deanland, the blog, reaches Maturity

It was over 20 years ago that deanland, the blog, first began. It ran on different blogware, actually a few different ones before settling in this Drupal version where it's been for the past (roughly) ten years.

Prior to that it had been on Manila (by Userland) which I miss more and more every day. I became a wizard with Manila. It's how I taught myself HTML without knowing that's what I was doing.  

For what in retrospect seems like it may not have at all been a wise decision, I switched to Drupal. Nothing against Drupal, it's a great content management system. But beyond my limited skills with it, to make it sparkle takes a qualified Drupal tech. That's not me. And I’d like to add more sparkle, make it look a little snazzier.

If I could get my hands on Manila, find my old set up (not quite a template or a theme), I'd switch back in a heartbeat. 

But none of that is really the gist of this post.

The origins of Deanland go back to 1999. Yes, in the prior century I began blogging. I had a few friends with blogs, it seemed like an interesting dea. I'd been active on CompuServe, where many of those early bloggers cae from. So I found blogware and gave it a shot.

To my utter amazement, I had readers. I started to appears on blogrolls. But one thing was different. I got very few comments. Email, yes, but comments, no. Other bloggers had long threads of comments, Not so mine.

I'd get the occasional comment, but none too many. Email? Lots of it. On the one hand that says something, in fact something positive, that people were reached in an individual sense and wanted to communicate that directly. On the other hand, without comments on the blog itself, it would give the appearance of a post having little or no impact on the readership. If there was at all any readership.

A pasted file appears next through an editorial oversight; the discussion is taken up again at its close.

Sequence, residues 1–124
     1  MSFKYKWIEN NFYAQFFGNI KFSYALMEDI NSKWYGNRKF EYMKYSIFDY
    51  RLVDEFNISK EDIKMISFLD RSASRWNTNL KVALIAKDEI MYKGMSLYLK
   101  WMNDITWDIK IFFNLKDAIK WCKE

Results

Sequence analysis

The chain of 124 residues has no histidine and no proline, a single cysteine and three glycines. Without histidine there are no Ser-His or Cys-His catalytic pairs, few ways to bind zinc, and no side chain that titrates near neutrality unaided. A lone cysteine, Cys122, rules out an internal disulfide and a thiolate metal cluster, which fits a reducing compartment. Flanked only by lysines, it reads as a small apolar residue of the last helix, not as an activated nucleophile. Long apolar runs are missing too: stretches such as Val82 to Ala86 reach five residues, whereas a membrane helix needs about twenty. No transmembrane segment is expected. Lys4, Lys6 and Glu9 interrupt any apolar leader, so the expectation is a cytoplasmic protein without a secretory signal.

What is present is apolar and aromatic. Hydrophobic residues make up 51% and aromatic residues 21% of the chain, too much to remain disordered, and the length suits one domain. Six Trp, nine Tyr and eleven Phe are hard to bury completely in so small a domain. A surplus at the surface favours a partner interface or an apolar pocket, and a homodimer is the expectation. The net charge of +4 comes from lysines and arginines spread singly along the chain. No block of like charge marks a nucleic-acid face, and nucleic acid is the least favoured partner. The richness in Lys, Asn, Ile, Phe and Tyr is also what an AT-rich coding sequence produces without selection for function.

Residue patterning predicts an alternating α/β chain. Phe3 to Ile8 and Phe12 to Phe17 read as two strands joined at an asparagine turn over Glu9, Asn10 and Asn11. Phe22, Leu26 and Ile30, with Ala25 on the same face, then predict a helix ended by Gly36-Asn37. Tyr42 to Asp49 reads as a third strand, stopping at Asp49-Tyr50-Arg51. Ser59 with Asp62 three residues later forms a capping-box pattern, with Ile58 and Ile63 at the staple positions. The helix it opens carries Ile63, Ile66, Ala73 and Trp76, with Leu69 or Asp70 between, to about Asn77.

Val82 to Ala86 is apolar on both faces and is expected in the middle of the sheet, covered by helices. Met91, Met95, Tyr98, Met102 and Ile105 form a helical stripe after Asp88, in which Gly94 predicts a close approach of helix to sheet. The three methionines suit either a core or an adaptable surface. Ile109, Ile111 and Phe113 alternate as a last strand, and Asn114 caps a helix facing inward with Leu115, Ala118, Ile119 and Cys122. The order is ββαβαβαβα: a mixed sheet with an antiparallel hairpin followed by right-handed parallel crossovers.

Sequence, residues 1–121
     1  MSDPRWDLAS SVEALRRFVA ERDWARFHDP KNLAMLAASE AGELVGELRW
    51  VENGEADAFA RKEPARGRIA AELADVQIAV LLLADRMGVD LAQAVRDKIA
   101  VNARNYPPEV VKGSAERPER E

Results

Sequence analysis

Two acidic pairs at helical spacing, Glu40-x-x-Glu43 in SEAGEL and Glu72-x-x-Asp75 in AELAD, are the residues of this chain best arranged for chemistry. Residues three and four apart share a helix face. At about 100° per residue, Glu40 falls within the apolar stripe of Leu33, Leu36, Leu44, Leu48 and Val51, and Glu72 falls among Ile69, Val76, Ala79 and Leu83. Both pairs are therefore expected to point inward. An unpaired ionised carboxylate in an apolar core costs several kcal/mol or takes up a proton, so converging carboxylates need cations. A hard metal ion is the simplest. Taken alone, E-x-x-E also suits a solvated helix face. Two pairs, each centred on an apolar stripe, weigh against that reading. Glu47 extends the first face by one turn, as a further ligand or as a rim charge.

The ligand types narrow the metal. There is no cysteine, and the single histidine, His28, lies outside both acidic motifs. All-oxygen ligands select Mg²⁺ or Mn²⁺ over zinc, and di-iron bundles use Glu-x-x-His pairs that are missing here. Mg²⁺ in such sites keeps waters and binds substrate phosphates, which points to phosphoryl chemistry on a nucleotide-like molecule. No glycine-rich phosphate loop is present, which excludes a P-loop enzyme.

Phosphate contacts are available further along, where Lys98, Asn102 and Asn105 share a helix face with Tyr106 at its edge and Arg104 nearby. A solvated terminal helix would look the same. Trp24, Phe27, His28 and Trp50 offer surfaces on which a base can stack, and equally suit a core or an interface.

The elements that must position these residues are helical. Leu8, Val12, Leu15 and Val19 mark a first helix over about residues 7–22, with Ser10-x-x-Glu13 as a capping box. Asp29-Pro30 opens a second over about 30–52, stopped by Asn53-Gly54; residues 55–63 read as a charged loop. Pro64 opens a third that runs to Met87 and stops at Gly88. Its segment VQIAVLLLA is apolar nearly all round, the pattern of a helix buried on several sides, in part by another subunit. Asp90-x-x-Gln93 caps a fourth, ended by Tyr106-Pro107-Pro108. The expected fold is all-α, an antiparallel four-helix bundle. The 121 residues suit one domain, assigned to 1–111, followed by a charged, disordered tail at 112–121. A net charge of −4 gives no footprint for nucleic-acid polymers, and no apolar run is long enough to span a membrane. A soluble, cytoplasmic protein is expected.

To this day that remains the case. But it no longer bothers me I see how people react to posts to Facebook and Twitter. On some there are scads of comments, others barely any or just none. There are those that elicit a direct message of one kind or another.

These days blogs for the large part have given way to Facebook. Of late the subscription (or not) newsletter has been in vogue. A few people send out "link letters" containing links to articles they've found of interest they wish to share among those who may be interested. One friend of mine does an excellent job of that.

I write here only sporadically. Often I think it should be more often, but life gets in the way. Facebook and Twitter have the advantage of simplicity and immediacy, giving them an edge. Plus the much wider audience and referral reader base.

As of December this version of deanland will be 21 years old. It can drink, drive, vote, do all those adult things on its own free of permission from its elders, guardians, parents or conservators.

Where do I find a Drivers Ed. class for a blog? And as has been in the news, a major topic about rights and democracy, how does a blog register to vote?

21, legal age. Deanland may just have to declare a statement of its full emancipation.


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